Cougars are an ambush predator, waiting for the optimal moment to strike and capture their prey. They can reach top speeds of 40 mph and hunt ungulates up to 10x their body weight.
Less than 4,000 tigers remain in the wild, occupying roughly 7% of their historic range.
Gray wolves have a jaw crushing bite force of 406 pounds, which is strong enough to bite through a moose femur.
Reindeer have the longest migratory route of any land mammal, with some subspecies traveling upwards of 3,000 miles a year.
A group of lemurs is known as a “conspiracy” or “troop”. Depending on resources, ring tailed lemurs can have as many as 30 in one troop.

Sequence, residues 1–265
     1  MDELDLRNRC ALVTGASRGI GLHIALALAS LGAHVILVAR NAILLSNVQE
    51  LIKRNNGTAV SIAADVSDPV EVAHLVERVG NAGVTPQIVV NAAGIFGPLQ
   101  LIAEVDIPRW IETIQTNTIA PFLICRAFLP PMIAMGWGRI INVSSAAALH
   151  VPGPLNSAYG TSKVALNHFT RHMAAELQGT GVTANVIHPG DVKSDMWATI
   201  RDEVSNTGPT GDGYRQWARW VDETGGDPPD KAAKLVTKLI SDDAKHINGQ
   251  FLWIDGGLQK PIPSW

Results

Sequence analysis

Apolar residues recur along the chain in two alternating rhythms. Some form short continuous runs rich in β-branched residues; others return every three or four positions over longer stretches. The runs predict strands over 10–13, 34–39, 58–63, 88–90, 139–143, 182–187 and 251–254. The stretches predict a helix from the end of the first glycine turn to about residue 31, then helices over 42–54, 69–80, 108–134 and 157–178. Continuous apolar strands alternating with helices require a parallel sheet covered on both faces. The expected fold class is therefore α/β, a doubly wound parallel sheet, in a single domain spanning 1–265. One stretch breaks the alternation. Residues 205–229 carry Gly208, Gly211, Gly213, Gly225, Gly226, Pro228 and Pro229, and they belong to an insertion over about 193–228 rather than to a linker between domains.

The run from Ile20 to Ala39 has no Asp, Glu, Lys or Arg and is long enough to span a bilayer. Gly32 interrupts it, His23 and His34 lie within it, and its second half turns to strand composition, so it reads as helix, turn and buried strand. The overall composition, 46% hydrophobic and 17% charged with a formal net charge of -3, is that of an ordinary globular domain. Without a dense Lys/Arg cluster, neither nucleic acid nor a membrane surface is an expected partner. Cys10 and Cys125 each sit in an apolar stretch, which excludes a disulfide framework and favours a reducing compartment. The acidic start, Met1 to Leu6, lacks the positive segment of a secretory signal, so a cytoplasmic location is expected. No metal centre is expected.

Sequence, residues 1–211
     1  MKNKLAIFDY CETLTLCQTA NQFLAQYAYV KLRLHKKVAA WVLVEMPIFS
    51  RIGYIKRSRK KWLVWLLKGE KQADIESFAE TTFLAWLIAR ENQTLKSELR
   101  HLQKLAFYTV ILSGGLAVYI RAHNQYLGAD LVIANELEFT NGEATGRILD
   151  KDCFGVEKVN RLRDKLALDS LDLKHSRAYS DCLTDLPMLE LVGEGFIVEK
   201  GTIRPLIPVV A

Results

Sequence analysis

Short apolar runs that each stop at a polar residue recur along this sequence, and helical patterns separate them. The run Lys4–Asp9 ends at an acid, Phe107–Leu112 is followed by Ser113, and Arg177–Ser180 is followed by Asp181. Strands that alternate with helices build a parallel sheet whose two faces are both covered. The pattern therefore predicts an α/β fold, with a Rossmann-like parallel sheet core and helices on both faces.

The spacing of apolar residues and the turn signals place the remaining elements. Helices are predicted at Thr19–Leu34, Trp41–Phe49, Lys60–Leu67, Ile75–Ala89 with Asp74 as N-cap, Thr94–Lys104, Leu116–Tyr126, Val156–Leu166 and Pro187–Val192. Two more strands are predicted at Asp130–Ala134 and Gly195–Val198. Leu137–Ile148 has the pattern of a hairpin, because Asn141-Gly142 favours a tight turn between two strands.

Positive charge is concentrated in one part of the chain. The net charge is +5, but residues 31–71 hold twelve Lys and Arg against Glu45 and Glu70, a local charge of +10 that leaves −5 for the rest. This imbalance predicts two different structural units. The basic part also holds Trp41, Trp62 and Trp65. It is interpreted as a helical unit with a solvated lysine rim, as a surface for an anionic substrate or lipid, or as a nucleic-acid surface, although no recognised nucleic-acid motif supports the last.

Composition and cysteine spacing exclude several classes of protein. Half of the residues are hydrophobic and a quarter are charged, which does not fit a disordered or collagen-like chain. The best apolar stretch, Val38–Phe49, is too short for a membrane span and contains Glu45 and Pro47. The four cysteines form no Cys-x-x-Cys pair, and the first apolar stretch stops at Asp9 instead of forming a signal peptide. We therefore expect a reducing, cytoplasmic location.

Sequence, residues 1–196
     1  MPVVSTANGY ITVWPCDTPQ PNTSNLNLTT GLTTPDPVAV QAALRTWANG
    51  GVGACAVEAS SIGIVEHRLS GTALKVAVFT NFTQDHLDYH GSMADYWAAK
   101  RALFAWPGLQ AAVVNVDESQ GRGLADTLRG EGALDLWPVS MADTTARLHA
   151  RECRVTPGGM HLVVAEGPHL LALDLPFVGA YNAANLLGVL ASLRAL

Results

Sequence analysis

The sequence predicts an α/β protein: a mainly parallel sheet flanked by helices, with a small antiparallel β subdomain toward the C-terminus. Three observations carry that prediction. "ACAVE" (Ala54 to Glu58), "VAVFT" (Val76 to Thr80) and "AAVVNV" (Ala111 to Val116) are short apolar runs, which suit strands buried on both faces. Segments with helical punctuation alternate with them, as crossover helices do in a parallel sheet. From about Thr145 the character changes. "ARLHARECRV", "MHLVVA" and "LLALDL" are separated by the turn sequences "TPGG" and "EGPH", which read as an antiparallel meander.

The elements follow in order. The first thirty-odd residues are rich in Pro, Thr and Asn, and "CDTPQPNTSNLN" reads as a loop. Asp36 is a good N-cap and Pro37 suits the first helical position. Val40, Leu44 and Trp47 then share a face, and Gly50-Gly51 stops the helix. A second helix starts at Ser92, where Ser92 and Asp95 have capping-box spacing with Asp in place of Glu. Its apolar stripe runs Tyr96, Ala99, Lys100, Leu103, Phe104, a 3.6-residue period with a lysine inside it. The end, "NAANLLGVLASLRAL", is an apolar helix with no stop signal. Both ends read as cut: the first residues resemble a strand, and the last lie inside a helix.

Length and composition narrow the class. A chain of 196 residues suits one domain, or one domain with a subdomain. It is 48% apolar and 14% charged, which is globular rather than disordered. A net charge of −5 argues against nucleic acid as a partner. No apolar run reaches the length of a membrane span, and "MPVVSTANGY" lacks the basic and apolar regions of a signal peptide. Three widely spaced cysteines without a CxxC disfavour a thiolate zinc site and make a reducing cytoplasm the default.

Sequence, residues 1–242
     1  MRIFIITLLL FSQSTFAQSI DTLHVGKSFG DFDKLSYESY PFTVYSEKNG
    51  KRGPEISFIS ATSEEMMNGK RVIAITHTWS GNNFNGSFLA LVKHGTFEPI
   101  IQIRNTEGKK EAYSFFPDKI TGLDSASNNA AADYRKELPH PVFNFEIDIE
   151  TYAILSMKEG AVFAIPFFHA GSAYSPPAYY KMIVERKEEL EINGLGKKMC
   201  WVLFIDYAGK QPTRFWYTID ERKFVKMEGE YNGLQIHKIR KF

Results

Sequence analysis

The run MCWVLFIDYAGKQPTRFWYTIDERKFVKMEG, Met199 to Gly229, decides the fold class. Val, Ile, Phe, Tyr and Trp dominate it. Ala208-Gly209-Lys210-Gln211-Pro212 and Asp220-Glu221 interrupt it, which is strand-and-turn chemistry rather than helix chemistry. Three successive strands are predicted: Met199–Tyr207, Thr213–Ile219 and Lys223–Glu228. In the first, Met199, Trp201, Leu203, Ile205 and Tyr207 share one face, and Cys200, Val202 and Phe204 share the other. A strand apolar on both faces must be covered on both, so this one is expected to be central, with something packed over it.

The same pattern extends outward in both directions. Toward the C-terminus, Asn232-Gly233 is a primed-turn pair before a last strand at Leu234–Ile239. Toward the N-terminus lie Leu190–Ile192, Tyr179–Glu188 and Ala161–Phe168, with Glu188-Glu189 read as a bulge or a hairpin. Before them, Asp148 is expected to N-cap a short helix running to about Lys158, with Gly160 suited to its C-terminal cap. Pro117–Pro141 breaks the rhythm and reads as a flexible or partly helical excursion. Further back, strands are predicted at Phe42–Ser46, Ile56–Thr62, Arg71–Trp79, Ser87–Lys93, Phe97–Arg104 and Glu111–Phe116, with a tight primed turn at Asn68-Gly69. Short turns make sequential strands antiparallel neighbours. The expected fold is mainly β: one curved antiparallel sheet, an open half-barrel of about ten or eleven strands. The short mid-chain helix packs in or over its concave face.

The name “lemur” is derived from the Latin word lemures meaning ‘spirits of the night’.
Alpacas are the smallest domesticated camelid, with its closest relative being the wild “vicuña” found in South America.
The swamp wallaby is typically a solitary species but will group together when foraging around dusk. A group of wallabies is known as a “mob”.